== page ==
Treasure linked to the reign of 10th-century Danish King Harald Bluetooth has been dug up in northern Germany.
An amateur archaeologist and a 13-year-old boy found a silver coin on the Baltic island of Rügen in January when scanning a field with metal detectors.
Experts kept the find secret until a team dug up 400sq metres (4,300sq ft) of land at the weekend.
They found braided necklaces, a Thor’s hammer, brooches, rings and about 600 coins, probably buried in the 980s.
“This trove is the biggest single discovery of Bluetooth coins in the southern Baltic sea region and is therefore of great significance,” said lead archaeologist Michael Schirren.
Harald Bluetooth was born a Viking and is credited with unifying Denmark and introducing Christianity there during his reign.
In the 980s he fled to Pomerania, now in north Germany, after losing a big sea battle against forces loyal to his son Sweyn Forkbeard. Bluetooth died in 987.
The king was immortalised by Nordic technology firms when they embedded their wireless “Bluetooth” technology in digital gadgets.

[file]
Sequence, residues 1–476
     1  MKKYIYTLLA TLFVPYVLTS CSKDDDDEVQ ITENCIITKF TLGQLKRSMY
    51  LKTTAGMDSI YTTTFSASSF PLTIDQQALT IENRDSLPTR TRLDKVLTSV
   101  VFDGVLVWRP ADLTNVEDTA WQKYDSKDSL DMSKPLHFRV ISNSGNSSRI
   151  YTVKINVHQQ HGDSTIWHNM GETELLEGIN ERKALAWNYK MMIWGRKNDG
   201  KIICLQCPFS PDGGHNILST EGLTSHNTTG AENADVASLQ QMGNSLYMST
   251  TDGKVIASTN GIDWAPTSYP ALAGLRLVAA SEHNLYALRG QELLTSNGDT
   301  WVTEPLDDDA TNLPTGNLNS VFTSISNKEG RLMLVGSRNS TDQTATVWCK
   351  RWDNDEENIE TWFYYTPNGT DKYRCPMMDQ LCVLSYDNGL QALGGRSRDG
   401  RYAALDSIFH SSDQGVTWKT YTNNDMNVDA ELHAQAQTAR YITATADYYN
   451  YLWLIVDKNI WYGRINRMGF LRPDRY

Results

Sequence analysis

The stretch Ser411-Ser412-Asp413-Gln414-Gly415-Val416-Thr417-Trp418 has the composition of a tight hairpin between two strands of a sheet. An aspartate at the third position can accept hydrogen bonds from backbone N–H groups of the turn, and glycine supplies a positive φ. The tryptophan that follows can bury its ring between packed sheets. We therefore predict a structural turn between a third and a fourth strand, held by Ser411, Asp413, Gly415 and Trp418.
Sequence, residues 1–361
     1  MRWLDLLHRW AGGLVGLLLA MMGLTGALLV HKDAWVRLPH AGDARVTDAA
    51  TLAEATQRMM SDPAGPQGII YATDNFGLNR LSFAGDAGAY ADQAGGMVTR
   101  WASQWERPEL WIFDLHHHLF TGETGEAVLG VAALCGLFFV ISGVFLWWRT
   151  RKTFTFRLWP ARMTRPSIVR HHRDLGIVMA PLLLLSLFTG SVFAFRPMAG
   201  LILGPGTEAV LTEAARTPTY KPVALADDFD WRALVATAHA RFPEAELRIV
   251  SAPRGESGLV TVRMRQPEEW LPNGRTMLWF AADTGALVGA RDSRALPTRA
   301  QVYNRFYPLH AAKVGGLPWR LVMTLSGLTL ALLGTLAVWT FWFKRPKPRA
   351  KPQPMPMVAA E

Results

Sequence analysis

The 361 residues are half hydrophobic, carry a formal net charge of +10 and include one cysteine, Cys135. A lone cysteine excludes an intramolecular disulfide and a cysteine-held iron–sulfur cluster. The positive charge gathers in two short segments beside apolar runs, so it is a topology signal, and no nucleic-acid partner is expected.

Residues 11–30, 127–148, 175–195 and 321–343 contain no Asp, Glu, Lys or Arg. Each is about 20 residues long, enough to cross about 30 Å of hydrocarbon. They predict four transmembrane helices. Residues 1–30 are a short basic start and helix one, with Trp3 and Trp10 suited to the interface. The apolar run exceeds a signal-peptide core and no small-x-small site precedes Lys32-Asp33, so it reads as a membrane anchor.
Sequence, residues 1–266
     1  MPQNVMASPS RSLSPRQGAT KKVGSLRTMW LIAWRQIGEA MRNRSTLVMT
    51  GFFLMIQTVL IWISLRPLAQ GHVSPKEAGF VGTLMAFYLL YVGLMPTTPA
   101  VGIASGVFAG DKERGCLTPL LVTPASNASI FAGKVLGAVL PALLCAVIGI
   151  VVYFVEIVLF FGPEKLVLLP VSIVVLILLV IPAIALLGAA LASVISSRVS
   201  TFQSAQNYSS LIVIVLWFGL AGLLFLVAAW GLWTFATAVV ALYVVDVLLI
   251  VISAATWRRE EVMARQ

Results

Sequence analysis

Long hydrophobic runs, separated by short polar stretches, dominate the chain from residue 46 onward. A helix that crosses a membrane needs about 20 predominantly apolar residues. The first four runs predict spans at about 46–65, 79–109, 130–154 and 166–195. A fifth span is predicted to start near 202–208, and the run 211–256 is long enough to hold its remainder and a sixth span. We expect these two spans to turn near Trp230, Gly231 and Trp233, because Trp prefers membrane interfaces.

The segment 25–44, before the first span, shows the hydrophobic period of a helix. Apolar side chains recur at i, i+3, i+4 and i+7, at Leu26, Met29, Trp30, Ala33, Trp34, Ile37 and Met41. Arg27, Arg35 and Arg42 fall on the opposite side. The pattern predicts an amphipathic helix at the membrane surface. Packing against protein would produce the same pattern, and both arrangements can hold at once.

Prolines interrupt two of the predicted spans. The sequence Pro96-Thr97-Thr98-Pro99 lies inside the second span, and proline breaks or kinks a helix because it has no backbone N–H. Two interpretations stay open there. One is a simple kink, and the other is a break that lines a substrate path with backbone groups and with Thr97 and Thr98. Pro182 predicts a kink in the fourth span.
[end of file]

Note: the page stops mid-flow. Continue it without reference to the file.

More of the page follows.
The site of the treasure trove, Schaprode, is a few kilometres from Hiddensee, where a 16-piece gold hoard dating from Bluetooth’s reign was found in the 19th Century.
The Schaprode discoverers – 13-year-old Luca Malaschnitschenko and amateur archaeologist René Schön – are in a group of enthusiasts looking after historical sites in Mecklenburg-West Pomerania state in north-eastern Germany.
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Bluetooth led his warriors in campaigns against Frankish nobles who ruled parts of France and Germany in the Carolingian Age.
After converting to Christianity in 950, he set up bishoprics in Denmark, consolidated his kingdom with forts and seized some territory in Norway and north Germany.
The earliest coin in the Schaprode hoard is reckoned to be a Damascus dirham dating from 714, and the latest ones are Frankish Otto-Adelheid pennies minted in 983.
More than 100 of the 600 coins are believed to have been minted in Bluetooth’s kingdom. They have Christian crosses on them and were given to Danish nobles.